Investments in 5G, the core prerequisite for real-time communication. Such cutting-edge network technology is set to come into its own at industrial and business facilities, or airports for example, before it becomes available nationwide at the beginning of the next decade. It promises capacities a thousand time greater, transfer speeds ten times faster and ten times shorter latencies than the technology available in today’s networks. With 5G, telecommunications service providers can guarantee their business customers the quality of service they need.
A new partnership with BT will allow T-Systems to connect its own networks with the latter’s, thus expanding T-Systems’ global reach by more than 60 percent and offering seamless connectivity.
Developing ngena, a worldwide network to make IoT applications available at the push of a button (software-defined network). With 15 partners, already on board, the initiative already spans the globe – from North and South America to Australia and large parts of Europe, Africa and Asia.
T-Systems is also going global when it comes to mobile networks. Via Freemove (in Europe), Bridge Alliance (in Asia) and T-Mobile US, the company can provide its customers with reliable mobile coverage in 100 countries across the globe – giving it the best 4G network worldwide.

The Internet of Things: connecting everything

Market researchers surpass each other with estimates of how many “things” will be connected to the Internet by 2020. As a matter of fact, millions of new things are already being connected every day. Most of them are products that had nothing to do with the Internet until now, from baby monitors, parking spaces and electricity meters to whole production systems. All these things not only send data via the cloud to the storage pools for later analysis, they also communicate among themselves. No wonder, then, that companies from SMEs to multinationals want to mine the “gold of digitization” and advance their digital business models together with partners. To this end, T-Systems offers its customers easy and fast access to public and private clouds, to the best network – be it mobile or fixed-line networks – and to tailored platforms in highly secure data centers that comply with Germany’s strict data privacy laws. Additionally, the services include also systems integration across all technologies. Thus, new applications for industry and the public sector are generated with the help of one key contact.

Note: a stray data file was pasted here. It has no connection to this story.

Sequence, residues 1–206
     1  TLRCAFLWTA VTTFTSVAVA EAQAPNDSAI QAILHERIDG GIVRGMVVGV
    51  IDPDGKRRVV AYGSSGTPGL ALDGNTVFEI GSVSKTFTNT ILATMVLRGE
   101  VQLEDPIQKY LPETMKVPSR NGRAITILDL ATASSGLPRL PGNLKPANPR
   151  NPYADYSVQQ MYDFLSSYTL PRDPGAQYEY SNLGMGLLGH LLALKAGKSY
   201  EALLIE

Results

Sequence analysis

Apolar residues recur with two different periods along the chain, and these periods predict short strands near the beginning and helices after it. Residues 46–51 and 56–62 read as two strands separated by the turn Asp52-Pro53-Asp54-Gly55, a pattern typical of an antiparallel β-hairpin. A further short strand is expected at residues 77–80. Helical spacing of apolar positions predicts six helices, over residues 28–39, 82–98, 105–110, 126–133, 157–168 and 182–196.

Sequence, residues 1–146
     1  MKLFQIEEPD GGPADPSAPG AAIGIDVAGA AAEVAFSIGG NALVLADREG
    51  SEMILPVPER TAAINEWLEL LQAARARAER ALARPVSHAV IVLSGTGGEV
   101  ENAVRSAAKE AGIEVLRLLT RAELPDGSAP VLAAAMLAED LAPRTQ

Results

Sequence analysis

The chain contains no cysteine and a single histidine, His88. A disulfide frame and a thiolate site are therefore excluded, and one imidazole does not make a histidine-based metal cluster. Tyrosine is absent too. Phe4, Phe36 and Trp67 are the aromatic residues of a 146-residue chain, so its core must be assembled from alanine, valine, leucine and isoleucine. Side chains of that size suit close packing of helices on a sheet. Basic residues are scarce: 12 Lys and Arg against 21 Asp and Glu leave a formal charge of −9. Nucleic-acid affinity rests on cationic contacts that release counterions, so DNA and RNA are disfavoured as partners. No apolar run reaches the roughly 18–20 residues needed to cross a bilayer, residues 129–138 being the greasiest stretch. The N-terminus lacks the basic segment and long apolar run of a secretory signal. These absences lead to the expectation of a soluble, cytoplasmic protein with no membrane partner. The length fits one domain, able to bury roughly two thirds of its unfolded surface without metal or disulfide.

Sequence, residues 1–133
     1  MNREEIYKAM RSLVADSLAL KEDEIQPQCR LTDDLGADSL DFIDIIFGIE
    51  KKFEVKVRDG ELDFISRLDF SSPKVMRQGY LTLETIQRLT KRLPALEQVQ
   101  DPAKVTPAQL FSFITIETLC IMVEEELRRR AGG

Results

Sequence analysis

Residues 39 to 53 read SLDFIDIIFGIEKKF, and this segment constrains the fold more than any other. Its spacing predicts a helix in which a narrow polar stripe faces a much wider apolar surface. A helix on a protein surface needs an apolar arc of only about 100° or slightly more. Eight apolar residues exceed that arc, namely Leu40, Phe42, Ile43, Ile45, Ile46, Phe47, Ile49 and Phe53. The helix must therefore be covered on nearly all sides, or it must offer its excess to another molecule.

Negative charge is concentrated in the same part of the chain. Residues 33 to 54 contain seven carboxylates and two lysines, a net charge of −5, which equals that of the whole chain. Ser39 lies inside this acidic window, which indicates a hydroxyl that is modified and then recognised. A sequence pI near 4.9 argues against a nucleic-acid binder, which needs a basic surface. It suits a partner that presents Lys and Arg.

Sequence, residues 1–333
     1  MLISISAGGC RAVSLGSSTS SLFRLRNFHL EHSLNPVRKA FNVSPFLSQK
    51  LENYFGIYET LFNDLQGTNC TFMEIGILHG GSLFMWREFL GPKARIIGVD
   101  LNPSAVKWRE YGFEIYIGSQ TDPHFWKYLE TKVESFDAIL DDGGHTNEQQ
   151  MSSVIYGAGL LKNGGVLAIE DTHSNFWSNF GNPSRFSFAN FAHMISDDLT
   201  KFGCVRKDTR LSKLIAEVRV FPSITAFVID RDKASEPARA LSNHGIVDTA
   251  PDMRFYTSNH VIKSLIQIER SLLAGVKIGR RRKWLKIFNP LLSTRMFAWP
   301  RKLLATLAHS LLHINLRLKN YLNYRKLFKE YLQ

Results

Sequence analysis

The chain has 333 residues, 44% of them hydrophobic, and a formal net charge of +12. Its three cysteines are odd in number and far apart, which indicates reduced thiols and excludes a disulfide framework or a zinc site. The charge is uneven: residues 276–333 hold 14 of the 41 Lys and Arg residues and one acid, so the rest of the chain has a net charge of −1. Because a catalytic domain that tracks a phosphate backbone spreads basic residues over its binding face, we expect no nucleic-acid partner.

Example: Digital parking space management

Smart parking is one example of how the interplay of the cloud and networks is making the IoT capable of real-time operation. The system is about to be introduced by the city of Hamburg to simplify the search for parking spaces in the city. By 2018, motorists there should be able to use a T-Systems app to find, reserve and pay for vacant parking spaces, and the city council and its service providers are digitizing a total of 11,000 public parking spaces to achieve that. On-street sensors will then send information to motorists’ smartphones on where vacant parking spaces can be found. What makes digitization projects live and breathe is scalability. This is why  Deutsche Telekom intend to offer this smart parking solution across the entire country. Numerous city councils across Germany have expressed interest in the new parking solution and cities such as Dortmund, Darmstadt, Merzig and Moers already intend to introduce it.

Security and quality in the Internet of Things

Cloud computing, mobile solutions and big data all pose entirely new challenges for IT security. What is more, cyberattacks on corporate networks and IT systems are getting ever more sophisticated and have become a huge threat to the economy. Data privacy and data security are thus crucial criteria for success in all technical developments. That is why Deutsche Telekom established the new “Telekom Security” business unit under the umbrella of T-Systems. Telekom Security concentrates all the company’s security activities, and channels the experience of its some 1,200 security experts. The Group is doing everything it can to protect its own ICT systems and networks from Internet-based attacks. Furthermore, it offers customers – from citizen to corporation –  new security solutions. To this end, Deutsche Telekom continuously adapt its Magenta Security portfolio to changing requirements. In addition, five years ago T-Systems launched the zero-outage quality program to ensure the uninterrupted availability of its systems and infrastructure. It also began establishing an ecosystem of partners who are all committed to the zero-outage principle and comply with shared quality management standards.